Most people probably don’t lose any sleep over all the code behind any application. What they do lose sleep over is when an application they’ve grown so attached to, suddenly doesn’t work.
And who can blame them? You’re not supposed to figure out how everything works. Sometimes you just want to use something because you need it. So to most people, you’re everyday objects simply has to work and rightfully so. Why and how it works isn’t nearly as important as to having it work.
This, however, doesn’t mean that we should forget the complexity of easy to use items. Just because it’s easy to use, doesn’t mean it was easy to make. Turning on a light is easy, using your mobile device is easy, driving a car is easy, but creating/building these things (especially from scratch) is very complex.
And so is the blockchain
Understanding and using the blockchain is still very complex. Combine that with a lack of working products and the pieces of the puzzle start to fall in place as to why it’s not massively adopted yet.
So we should just move on? That’s the beauty of humans and knowledge. We build our future with knowledge from the past. Right now there are people gaining knowledge and making connections to figure out the missing pieces. Somebody will create the equivalent of an easy to use lightswitch for the blockchain which will enable it to be used by the masses. So no… we should not just move on.
Now this may come as a huge surprise but a piece of code looks nothing like this:
In the real world a piece of code mostly looks more like this:
It’s way more than a few characters and symbols scribbled right next to each other. Coding is a piece of art in the form of a puzzle wherein all the pieces have to be inserted a certain way for it to mean and do something.
Take Facebook for example. As of September 2016, Facebook has over 61 million lines of code.  That’s about 9215 books (about 70.000.000 words!) of Harry Potter and The Sorcerer’s Stone by J.K. Rowling, stacked on top of each other. If that’s not magic, I don’t know what is.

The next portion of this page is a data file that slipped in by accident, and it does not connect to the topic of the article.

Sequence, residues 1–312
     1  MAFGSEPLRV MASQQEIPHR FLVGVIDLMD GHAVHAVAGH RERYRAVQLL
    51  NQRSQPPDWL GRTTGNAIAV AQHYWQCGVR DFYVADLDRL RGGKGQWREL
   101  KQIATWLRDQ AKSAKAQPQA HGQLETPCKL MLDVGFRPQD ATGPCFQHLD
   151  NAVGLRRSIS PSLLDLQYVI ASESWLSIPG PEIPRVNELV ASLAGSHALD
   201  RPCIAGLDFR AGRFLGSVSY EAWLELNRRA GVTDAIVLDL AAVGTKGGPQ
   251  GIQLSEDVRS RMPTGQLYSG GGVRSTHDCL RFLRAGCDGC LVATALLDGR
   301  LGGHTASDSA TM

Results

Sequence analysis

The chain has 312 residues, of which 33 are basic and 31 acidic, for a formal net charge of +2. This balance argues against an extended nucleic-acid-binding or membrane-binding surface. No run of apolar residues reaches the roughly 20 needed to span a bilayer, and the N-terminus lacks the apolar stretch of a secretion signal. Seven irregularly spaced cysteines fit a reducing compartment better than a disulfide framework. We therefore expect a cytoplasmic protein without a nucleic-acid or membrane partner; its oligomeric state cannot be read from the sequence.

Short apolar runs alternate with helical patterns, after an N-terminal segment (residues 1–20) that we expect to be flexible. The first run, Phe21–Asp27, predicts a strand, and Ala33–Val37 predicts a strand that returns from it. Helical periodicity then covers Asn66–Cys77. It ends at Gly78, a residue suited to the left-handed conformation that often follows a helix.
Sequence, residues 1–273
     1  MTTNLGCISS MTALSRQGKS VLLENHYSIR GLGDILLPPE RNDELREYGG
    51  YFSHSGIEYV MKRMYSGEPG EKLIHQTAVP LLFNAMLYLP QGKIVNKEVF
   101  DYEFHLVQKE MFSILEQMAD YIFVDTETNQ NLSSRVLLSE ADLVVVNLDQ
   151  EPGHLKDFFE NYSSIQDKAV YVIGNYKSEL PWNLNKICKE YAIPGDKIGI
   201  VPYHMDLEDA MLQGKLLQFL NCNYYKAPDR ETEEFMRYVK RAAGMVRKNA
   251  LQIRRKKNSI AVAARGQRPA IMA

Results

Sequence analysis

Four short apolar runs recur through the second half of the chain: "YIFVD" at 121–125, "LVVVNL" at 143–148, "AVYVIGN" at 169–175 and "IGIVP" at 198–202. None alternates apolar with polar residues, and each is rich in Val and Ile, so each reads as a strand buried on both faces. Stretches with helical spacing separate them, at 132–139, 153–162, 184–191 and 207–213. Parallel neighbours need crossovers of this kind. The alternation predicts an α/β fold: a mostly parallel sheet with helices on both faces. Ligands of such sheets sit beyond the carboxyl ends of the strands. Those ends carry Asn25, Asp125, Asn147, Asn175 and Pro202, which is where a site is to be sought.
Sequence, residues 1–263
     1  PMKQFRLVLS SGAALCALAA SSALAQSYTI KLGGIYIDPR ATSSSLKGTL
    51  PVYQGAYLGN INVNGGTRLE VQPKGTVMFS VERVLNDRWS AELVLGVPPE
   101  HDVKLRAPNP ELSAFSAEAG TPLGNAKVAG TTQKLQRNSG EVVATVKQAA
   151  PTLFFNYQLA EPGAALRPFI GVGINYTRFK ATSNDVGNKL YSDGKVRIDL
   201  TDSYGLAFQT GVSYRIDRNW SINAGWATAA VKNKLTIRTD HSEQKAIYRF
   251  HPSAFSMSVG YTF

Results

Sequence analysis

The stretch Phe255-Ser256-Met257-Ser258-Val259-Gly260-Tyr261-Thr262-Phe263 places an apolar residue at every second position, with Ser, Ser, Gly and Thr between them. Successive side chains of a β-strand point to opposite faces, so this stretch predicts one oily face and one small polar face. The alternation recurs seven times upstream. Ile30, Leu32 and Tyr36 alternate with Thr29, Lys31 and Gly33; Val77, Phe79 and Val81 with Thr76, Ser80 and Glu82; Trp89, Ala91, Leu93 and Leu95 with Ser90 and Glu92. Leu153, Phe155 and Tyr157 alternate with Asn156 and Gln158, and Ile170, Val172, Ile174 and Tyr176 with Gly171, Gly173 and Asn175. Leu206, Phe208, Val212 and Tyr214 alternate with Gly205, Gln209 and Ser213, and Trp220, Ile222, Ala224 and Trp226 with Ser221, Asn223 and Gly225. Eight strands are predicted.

What does all of this have to do with the blockchain being open source?
“Open source software is collaboratively produced, shared freely, published transparently, and developed to be a community good rather than the property or business of a single company or person. When a project is developed open source there isn’t a single chokepoint in the development process, no company or individual that makes, owns, and sells the software. “Peter van Valkenburgh
The blockchain is a complex piece of code that works. There are many examples of the blockchain in action with the prominent one being Bitcoin. The blockchain being open source gives anyone full visibility into the code base. As a matter of fact, you can check out the entire source code for Bitcoin on GitHub right now! It’s developed in the open, free for the world to use and modify, wholly independent from one or even a handful of corporate interests, and updated by hundreds of passionate users.
This, of course, comes with its advantages and disadvantages. More on that in the next post!